Erectile dysfunction, incontinence, anxiety affect many patients who don’t talk about it. Various solutions are available to reduce its impact on daily life and live better
A survey designed and carried out by patients for other patients, with a very specific purpose: measure the reality of the quality of life of men treated for prostate cancer. The results of the EUPROMS survey (Europa Uomo Patient Report Outcome Study), promoted by the Europa Uomo association and conducted in 32 countries including Italy, have thus highlighted a different reality from what had so far been revealed by medical studies. The difference in particular is felt in the side effects of treatments (incontinence, impotence, anxiety, depression and pain) which weigh, physically and psychologically, more than previously thought. There were 5,500 interviewees, aged 70 on average, and for the first time a collective story of men emerges which faithfully reflects their experiences after the treatments – he says Maria Laura De Cristofaro, president of Europa Uomo Italia —. It is essential to strengthen and improve early diagnosis strategies because, as we know, the earlier the neoplasm is discovered, the greater the chances. both to heal and to receive less invasive treatments. Equally decisive is being followed by one Prostate Unit, within which a multidisciplinary team composed of several experts operatesthe only one who can guarantee quality of care, avoid inadequate treatments and ensure a better quality of life, as well as psychological support.
The results of the survey
What are the most significant data that emerged from the survey? More than 50% of those questioned received the diagnosis before the age of 65: therefore prostate cancer is not, as many think, a disease only of old age – he answers Cosimo Pieri, general secretary of Europa Uomo Italia —. More than half of the participants have sexual dysfunction problems and, specifically, 60% of those who underwent surgery and more than 47% of those who underwent radiotherapy. This is the problem most felt by patients, which follows incontinence (both post surgery and post radiotherapy). For both disorders there are several solutions available to reduce their impact on daily life, but they are used by only 30% of patients because they are not proposed adequately. 42% of those interviewed then suffer from anxiety or depressionbut Psychological support is not offered to most patients. Drugs, physical exercises, infiltrations and minimally invasive surgery offer many possibilities for curb incontinence, but too often this disorder remains a taboo subject. As well as impotence: medicines for erectile dysfunction they can be prescribed free of charge to cancer patients, while the penile prosthesis Not yet. Talking to doctors is important to live better – he underlines Massimo Di Maio, director of Medical Oncology 1U at the City of Health and Science of Turin and general secretary of Aiom (Italian Association of Medical Oncology) —. The first step is to talk to your doctor, explain the side effects and ask for solutions. There is no need to be afraid or embarrassed, together we can manage the consequences of the treatments.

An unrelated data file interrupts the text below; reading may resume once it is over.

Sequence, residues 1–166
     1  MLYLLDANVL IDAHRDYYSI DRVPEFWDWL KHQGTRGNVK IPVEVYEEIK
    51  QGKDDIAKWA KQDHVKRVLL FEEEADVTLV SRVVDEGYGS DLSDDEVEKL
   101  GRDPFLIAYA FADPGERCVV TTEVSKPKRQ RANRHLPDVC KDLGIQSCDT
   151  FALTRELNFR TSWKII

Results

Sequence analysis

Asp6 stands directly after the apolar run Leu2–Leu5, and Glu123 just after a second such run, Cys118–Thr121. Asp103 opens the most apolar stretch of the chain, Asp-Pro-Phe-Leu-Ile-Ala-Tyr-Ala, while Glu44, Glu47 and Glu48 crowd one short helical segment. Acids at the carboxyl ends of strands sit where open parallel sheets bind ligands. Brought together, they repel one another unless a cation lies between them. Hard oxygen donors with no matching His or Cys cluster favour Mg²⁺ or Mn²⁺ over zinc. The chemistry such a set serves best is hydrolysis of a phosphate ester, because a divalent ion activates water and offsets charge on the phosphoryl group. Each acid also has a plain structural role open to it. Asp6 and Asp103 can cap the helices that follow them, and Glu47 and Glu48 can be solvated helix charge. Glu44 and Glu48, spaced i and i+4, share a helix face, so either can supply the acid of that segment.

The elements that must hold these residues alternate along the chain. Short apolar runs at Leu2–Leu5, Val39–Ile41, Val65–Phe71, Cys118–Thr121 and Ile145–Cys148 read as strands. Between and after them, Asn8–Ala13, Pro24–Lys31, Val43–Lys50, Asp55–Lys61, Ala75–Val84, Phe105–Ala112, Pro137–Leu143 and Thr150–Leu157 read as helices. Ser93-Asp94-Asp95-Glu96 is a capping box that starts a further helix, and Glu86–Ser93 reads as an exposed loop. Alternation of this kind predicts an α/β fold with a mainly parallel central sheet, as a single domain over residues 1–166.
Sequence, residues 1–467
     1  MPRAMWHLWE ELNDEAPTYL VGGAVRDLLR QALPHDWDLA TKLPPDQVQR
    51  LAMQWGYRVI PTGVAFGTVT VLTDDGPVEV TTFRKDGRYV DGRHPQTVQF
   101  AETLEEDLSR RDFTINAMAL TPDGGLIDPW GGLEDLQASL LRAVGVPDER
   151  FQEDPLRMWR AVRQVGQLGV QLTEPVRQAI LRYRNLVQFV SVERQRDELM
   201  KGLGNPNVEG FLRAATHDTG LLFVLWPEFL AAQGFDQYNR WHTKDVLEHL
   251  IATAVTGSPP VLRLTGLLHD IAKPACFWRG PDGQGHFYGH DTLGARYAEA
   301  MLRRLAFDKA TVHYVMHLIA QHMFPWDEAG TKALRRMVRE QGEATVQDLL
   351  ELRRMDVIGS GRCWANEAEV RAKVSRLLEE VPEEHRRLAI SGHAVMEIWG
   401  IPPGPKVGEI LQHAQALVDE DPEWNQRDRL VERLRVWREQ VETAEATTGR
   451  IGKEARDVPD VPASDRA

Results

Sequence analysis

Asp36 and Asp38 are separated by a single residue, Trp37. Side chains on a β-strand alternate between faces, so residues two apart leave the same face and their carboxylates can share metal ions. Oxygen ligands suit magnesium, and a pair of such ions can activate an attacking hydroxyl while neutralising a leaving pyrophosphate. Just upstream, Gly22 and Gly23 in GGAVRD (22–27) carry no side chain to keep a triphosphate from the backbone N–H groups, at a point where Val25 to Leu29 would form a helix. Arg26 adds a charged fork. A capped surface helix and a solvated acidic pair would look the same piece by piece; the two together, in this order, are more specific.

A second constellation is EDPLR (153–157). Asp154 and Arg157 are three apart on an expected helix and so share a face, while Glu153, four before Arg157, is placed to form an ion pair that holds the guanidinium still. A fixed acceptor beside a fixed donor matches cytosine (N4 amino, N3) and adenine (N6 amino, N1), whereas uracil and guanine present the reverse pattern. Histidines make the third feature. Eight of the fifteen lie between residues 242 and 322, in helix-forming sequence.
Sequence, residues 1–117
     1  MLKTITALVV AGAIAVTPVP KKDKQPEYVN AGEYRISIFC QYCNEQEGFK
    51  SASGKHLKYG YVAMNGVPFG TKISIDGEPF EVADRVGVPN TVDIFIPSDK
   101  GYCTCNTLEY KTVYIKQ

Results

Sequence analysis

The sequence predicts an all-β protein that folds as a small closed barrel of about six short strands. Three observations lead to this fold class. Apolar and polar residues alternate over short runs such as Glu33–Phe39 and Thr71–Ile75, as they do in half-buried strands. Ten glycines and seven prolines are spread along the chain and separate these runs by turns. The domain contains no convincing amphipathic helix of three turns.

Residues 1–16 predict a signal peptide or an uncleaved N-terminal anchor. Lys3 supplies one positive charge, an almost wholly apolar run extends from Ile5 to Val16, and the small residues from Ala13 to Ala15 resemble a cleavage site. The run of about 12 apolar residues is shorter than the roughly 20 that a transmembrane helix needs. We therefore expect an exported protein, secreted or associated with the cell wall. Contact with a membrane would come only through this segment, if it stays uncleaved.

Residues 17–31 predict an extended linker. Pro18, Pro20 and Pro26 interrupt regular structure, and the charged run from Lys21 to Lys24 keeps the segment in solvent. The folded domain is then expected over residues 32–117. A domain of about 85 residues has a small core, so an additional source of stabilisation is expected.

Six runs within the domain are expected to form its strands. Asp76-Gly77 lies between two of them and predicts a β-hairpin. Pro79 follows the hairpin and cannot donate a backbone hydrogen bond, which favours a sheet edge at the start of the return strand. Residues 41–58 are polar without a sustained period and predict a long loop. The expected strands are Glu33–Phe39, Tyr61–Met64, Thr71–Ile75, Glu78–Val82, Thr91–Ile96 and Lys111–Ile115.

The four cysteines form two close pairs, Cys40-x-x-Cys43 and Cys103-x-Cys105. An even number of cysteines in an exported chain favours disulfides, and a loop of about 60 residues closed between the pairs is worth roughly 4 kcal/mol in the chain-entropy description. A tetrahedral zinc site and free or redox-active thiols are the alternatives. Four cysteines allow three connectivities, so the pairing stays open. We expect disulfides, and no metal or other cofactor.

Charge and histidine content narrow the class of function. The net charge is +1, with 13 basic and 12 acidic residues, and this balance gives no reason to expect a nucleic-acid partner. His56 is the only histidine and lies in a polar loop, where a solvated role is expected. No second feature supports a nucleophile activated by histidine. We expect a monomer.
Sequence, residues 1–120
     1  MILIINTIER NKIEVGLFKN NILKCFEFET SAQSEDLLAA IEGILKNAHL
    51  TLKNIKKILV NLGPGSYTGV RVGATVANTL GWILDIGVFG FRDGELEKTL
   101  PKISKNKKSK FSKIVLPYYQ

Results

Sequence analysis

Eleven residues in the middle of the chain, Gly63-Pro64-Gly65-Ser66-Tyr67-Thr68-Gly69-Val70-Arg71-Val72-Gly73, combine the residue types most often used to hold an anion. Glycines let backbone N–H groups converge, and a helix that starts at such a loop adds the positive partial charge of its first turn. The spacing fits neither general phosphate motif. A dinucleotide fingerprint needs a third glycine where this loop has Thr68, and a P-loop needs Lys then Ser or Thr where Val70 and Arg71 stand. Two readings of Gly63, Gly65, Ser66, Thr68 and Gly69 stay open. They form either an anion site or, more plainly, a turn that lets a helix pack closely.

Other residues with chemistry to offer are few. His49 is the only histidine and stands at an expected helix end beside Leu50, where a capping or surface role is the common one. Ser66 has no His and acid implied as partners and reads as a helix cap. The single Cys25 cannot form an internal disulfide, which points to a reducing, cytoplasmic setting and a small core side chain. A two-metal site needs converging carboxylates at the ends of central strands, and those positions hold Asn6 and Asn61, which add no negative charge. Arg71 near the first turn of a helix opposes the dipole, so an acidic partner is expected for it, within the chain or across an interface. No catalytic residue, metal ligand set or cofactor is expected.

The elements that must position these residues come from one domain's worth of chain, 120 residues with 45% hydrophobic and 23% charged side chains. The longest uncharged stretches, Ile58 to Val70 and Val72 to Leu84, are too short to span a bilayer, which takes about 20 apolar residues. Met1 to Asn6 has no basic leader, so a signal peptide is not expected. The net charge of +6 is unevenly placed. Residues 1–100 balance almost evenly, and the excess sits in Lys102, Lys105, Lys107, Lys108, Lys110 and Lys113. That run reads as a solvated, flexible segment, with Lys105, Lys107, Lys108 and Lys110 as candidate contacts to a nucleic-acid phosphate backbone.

Side effects of hormone therapy